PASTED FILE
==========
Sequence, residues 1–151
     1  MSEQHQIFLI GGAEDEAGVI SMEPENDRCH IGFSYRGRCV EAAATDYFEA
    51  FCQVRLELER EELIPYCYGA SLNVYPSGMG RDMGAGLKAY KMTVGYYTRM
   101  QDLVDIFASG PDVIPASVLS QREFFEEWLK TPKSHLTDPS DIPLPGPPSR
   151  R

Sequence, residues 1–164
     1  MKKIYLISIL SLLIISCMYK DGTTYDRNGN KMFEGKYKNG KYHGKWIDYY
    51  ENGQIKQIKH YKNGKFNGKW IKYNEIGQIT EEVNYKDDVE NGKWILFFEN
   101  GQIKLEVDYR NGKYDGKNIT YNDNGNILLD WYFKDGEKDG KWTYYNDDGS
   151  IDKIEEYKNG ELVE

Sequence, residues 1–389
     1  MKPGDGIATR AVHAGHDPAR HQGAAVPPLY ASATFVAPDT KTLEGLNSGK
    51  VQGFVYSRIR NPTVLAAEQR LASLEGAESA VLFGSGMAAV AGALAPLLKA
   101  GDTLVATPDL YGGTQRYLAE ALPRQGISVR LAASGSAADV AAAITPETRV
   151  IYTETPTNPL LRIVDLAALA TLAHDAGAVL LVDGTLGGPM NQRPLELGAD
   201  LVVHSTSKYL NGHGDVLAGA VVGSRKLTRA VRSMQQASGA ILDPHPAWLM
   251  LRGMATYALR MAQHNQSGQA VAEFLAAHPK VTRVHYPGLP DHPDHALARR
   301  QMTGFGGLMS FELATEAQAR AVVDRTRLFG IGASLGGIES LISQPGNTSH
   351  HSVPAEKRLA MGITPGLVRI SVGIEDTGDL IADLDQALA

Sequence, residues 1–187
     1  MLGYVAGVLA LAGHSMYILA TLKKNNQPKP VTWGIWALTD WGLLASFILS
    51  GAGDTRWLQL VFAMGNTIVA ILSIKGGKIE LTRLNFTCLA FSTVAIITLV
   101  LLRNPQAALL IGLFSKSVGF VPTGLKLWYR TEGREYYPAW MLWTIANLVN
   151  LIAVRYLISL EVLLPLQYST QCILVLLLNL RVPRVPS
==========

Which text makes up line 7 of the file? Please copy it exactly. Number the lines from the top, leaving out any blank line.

     1  MKKIYLISIL SLLIISCMYK DGTTYDRNGN KMFEGKYKNG KYHGKWIDYY